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Graphics Super OC 560Ti or 570?

Discussion in 'Hardware' started by Moleo, 26 Jan 2011.

  1. Moleo

    Moleo What's a Dremel?

    5 Jan 2011
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    A well overclocked 560:

    Or a slightly overclocked 570:

    I'm quite new to building PCs, so I don't understand how much clock speeds affect a cards ability, compared to things like the amount of SMs. There are even 580s with lower clock speeds than the 560:

    Would the 580 and 570 still out-perform the 560?

  2. adam_bagpuss

    adam_bagpuss Have you tried turning it off/on ?

    24 Apr 2009
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    easiest thing to do if you dont uderstand GPU archietecture is to go by benchmarks.

    although a 560 does have higher clocks than a 570 or 580 its still slower.

    basically its a overall design that makes a GPU at said speed not an indivual clock like core clock, shader speed, memory speed, memory bus width or the number of SMs. ATI also have a different design tha nvidia so you cant compare clock speeds between ATI/AMD and nvidia either as it wont reflect true performance

    order of performance is 560 < 570 < 580

    now that kinda makes sense but it doesnt always work like that with the name so dont go by that. for example a 465 is slower than a 460 !
  3. xaser04

    xaser04 Ba Ba Ba BANANA!

    27 Jun 2008
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    Techreport have compared the 1GHZ core GTX560 (I am not putting the Ti after the name every sodding time) against the GTX570 (along with the rest of the top end lineup) and it is within 5% most of the time. However it does this at the cost of power consumption (very similar to the 570). This also doesn't take into account a potential lack of vram for future releases and the fact the 570 can also overclock quite far.

    It also basically matches the HD6950 2GB in real world scenarios so my preference would be HD6950 2GB and spend 5 minutes unlocking it into the HD6970*.

    *HD6950 Asus unlocked bios and overclock to HD6970 speeds.
  4. wyx087

    wyx087 Homeworld 3 is happening!!

    15 Aug 2007
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    always go for non-overclocked fastest architecture you can afford.

    these manufacturers will try to distinguish themselves by releasing overclocked cards, but all those overclock can be done by yourself. the only real difference is the architecture of the GPU, and 570 is vastly superior than 560 in every single way.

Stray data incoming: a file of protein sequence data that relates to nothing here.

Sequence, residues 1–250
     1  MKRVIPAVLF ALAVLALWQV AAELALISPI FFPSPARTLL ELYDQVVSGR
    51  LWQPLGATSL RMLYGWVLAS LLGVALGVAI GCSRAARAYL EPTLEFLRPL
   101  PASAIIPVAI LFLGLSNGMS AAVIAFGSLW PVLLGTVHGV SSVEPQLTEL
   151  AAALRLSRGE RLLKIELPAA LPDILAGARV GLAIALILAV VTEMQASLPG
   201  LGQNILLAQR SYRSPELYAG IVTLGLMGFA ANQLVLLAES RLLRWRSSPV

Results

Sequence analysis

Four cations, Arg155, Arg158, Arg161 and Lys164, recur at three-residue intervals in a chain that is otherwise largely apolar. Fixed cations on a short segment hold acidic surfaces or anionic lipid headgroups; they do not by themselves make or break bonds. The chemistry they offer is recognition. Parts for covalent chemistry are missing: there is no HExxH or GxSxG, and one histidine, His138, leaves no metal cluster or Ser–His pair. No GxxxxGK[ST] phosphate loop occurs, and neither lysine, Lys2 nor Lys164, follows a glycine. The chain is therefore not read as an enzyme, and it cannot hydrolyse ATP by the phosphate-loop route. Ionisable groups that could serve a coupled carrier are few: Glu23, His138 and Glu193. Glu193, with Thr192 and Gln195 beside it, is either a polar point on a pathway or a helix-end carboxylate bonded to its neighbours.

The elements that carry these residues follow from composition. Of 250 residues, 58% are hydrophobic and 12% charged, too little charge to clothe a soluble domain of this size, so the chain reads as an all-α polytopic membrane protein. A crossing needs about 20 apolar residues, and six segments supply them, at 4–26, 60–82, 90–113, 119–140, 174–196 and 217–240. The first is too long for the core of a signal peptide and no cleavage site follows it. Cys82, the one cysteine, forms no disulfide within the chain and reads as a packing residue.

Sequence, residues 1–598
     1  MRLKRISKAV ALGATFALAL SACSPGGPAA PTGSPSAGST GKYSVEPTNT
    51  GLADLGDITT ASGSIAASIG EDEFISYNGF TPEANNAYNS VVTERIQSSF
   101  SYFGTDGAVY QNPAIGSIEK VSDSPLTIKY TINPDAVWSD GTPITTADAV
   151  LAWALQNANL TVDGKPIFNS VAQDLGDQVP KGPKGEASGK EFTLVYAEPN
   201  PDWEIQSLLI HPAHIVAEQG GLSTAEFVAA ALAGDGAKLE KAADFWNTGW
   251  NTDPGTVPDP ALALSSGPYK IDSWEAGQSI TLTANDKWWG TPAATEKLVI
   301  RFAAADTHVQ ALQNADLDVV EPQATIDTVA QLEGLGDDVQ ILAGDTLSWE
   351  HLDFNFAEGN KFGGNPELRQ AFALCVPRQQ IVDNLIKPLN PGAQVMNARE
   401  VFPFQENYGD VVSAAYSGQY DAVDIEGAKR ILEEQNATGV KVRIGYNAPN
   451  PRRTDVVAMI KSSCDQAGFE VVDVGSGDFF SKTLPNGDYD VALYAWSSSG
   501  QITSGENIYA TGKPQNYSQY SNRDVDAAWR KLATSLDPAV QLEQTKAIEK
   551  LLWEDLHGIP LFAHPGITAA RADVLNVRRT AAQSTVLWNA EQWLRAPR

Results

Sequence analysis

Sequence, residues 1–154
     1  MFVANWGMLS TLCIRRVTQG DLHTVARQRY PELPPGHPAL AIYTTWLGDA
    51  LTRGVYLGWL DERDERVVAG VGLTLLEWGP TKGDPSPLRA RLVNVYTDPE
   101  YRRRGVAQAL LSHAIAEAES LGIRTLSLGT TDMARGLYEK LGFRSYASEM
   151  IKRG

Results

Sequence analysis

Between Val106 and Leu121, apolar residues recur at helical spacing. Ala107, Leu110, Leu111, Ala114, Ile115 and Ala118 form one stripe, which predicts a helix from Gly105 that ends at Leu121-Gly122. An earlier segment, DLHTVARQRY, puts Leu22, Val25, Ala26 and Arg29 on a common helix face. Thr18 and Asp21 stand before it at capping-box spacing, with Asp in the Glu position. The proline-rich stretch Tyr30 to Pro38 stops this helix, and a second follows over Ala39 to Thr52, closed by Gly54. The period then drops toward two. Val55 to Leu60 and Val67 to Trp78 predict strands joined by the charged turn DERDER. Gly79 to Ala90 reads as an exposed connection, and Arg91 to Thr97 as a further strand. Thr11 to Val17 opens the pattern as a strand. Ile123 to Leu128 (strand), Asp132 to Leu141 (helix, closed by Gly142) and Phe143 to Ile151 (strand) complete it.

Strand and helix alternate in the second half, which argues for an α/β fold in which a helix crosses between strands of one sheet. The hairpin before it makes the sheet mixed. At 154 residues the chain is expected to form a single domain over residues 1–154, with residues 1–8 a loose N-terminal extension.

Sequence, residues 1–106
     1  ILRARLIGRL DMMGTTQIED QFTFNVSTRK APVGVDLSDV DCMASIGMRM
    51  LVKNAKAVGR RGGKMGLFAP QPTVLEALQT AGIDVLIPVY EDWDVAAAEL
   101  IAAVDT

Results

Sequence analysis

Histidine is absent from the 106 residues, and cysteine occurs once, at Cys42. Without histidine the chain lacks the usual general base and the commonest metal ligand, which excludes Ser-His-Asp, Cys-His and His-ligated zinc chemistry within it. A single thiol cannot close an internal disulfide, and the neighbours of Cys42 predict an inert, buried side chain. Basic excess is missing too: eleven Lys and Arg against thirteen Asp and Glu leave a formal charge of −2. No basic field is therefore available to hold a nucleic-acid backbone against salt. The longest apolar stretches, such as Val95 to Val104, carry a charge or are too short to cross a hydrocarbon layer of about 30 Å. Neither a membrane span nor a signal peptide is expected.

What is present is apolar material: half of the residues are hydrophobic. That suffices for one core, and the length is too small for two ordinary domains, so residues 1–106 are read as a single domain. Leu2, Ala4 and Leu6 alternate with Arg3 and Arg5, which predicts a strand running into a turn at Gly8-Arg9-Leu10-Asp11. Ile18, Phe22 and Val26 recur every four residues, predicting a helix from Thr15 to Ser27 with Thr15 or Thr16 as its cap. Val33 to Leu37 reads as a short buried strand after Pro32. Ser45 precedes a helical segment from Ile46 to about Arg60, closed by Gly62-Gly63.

look at it this way, a 1000MHz 560 is nearly on par with a 732MHz 570. 1000MHz is pretty much the furthest 560 can go, while 570 can also be overclocked to over 900MHz. and a 900MHz 570 is on par with a 772MHz 580. but 580 can be overclocked to 900MHz also. these overclocking will bring you to the higher card for less money, but you can always overclock the more expensive cards to be even faster.

    so, always buy fastest architecture you can afford. it's same theory for buying CPU, i7 920 is far better value than i7 960.
  5. memeroot

    memeroot aged and experianced

    31 Oct 2009
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    I went for 2x 570's back in december and am happy with the choice as the total price difference to now isn't to bad (got a good deal) and want surround so the memory does probably matter.

    If buying now I'd take a nice 560 with a decent cooler and clock it.
  6. Judderman

    Judderman What's a Dremel?

    16 Jan 2011
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    I'm broadly with wuyanxu, but if you are new to all of this and don't really think you will ever get round to overclocking, just get whatever benchmarks best.

    As far as clock speeds go don't pay attention to them if you are comparing cards for different lines. They are more useful for comparing cards of the same line, but even there benchmarks are more useful.

    And these clearly say for the unoverclocked cards:


    You won't go wrong buying any of those cards though. They will all run every game out today at good settings and 1080p

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